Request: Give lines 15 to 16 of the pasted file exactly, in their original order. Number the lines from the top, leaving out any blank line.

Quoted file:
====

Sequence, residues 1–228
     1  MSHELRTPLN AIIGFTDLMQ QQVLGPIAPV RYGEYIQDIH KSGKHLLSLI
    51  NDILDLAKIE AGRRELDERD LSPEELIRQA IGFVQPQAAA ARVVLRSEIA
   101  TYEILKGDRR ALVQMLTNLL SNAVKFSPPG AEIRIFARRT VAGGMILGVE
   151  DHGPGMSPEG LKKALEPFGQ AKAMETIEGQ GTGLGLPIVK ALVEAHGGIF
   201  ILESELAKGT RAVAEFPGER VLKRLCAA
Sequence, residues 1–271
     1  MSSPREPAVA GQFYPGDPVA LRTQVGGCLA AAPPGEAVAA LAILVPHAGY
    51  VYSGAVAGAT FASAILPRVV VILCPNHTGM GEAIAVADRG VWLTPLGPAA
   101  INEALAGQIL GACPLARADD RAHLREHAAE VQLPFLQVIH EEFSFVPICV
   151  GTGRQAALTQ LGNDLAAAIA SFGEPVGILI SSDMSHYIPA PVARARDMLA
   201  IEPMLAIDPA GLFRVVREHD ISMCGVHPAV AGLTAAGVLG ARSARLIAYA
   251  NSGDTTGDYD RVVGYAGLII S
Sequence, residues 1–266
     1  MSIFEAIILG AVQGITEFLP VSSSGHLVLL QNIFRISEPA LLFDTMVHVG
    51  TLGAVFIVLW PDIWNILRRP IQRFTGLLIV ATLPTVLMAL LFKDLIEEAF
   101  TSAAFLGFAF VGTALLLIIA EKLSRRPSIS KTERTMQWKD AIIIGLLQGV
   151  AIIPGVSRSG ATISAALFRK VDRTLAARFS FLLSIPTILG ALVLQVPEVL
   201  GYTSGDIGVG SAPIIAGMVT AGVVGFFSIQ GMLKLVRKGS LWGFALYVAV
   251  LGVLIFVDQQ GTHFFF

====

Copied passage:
     1  MSIFEAIILG AVQGITEFLP VSSSGHLVLL QNIFRISEPA LLFDTMVHVG
    51  TLGAVFIVLW PDIWNILRRP IQRFTGLLIV ATLPTVLMAL LFKDLIEEAF